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Top 3 concerns when migrating to Windows 7

Windows development tools and integration issues for emerging technologies expert, Mike Rozlog, identifies the top 3 concerns when migrating to Windows 7.

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What are the top concerns when migrating to Windows 7?
The top 3 areas of concern include:

1.) Current Infrastructure

This is really around the concept of what is your systems' overall layout. What particular machines may be getting replaced, which ones need upgraded, and which ones need to be removed. Having a good overall understanding of the hardware assets helps any migration to a new operating system.

What operating system (OS) are you upgrading from?

It also may make sense to isolate various operating systems for the migration, focusing on each level of an operating system to isolate issues consistently and help to reduce redundancy.

  • Windows 2000: Some software works, some have issues when migrating to Windows 7.
  • Windows XP: In some cases you can use the XP compatibility mode found in Windows 7 to remove some of these issues. Keep in mind that XP compatibility mode is really just an XP VM running in Windows 7, so there can be significant overhead on the machine.
  • Windows Vista: This should be the simplest to migrate from, however, testing of the applications should be completed before migrating.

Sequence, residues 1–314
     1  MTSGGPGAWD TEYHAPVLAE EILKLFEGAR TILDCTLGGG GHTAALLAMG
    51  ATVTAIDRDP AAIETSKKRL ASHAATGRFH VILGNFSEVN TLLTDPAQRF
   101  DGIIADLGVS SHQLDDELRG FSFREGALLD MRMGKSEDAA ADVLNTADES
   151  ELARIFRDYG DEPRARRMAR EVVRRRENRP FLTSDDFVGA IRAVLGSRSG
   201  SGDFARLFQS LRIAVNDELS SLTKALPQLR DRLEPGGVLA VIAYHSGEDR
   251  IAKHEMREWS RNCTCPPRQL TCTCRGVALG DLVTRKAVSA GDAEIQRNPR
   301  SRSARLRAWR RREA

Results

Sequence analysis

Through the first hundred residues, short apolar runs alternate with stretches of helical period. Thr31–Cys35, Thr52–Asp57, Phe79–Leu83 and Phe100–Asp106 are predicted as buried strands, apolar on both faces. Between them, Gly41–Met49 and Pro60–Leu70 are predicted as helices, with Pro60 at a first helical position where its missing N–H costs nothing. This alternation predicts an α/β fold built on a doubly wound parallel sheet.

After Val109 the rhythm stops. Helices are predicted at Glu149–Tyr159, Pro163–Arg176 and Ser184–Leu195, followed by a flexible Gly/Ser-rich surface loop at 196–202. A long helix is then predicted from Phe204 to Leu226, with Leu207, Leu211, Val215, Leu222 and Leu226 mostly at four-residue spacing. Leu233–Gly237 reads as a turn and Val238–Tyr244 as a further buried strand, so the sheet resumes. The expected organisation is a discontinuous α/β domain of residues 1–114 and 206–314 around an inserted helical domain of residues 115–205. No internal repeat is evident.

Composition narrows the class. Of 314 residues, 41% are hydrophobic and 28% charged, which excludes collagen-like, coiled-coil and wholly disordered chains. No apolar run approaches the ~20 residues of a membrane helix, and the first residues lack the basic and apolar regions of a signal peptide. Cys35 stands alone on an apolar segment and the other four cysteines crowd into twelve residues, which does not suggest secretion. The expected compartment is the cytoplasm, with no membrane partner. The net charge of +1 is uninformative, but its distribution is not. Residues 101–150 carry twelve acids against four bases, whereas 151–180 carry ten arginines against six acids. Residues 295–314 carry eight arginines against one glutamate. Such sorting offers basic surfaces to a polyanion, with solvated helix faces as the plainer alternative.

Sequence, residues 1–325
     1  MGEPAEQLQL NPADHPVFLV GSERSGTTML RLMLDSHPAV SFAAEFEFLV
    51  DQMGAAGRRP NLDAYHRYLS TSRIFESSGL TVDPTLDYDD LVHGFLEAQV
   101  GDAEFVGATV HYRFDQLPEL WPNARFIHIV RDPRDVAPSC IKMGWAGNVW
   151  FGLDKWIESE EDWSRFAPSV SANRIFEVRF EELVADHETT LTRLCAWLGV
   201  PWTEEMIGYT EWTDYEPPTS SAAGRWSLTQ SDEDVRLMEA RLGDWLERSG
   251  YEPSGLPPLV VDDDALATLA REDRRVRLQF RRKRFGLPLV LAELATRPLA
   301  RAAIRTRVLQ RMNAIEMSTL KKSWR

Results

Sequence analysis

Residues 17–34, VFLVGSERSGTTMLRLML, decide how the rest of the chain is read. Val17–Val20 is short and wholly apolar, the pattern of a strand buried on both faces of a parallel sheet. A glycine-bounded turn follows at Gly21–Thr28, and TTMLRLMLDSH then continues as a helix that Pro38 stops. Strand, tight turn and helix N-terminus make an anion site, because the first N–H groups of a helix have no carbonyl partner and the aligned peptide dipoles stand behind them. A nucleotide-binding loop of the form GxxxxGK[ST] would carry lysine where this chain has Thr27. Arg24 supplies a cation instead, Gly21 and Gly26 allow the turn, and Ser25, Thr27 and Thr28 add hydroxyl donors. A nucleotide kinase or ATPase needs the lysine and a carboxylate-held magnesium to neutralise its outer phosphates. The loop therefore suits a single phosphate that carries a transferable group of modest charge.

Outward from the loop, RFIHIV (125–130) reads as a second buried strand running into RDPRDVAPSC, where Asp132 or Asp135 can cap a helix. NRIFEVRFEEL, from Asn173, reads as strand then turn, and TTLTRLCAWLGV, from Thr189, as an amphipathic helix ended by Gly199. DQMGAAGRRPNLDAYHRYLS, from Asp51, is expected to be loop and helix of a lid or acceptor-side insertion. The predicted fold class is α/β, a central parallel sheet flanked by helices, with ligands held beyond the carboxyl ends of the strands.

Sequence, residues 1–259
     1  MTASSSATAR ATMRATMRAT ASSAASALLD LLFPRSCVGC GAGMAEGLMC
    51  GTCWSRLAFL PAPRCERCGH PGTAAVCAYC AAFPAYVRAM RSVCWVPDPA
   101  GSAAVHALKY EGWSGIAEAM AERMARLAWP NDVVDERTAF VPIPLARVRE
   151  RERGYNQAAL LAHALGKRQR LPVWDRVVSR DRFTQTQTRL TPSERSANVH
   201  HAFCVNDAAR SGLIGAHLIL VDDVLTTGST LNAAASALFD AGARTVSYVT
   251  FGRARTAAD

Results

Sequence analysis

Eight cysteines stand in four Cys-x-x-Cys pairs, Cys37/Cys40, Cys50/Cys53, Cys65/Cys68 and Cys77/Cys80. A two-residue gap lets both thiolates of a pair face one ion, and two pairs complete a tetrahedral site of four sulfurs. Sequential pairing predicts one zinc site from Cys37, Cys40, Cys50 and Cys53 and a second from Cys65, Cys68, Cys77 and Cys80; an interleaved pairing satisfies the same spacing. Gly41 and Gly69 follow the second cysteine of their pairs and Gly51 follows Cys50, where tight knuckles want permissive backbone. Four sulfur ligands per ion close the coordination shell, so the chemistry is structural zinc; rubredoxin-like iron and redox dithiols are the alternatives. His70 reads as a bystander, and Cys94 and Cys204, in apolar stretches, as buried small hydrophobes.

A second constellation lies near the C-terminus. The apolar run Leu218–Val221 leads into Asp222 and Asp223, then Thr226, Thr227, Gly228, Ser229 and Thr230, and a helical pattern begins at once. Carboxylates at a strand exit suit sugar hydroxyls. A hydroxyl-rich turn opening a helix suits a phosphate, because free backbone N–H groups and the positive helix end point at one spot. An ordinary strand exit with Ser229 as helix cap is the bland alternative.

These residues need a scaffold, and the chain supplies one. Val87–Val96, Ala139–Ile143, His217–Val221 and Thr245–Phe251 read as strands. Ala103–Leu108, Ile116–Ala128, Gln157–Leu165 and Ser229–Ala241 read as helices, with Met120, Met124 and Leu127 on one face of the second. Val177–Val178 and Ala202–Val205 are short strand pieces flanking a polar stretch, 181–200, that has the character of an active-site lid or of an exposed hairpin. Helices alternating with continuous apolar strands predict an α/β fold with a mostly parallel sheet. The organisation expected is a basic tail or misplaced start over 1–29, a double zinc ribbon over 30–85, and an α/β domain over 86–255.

• Windows 7: You may be asking yourself, why would I worry about Windows 7 applications when I'm moving to Windows 7? When an application is created specifically for Windows 7, it adds significant dependencies on the Windows 7 SDK, which may not be backwards compatible. So it can also not be assumed that a Windows 7 application will work on any other Windows OS unless fully tested.

2.) Moving to 64 bit level OS?

This one seems to be getting overlooked. Is the plan to migrate to the 64 bit version of Windows 7 or are you staying on the 32 bit version? Of course everybody wants to move to 64 bit because there are some key advantages from being able to use more memory, being able to address more memory from a developers perspective, and being able to run more on a machine. However, if you move to 64 bit, you have to also ensure that all the drivers are available that you need. There are also some instances where DLLs need to be compiled on the 64 bit OS to work correctly. The 64 bit version of Windows 7 is great, just take some extra time to ensure testing, and especially stress testing, is completed to make the migration smooth.

3.) Hardware requirements

All new operating systems usually require some hardware upgrades or a certain level of hardware to ensure proper execution and running environment. Windows 7 is not different and this goes along with the first comment of laying out the hardware map/system infrastructure to understand what is needed.
This was first published in February 2010

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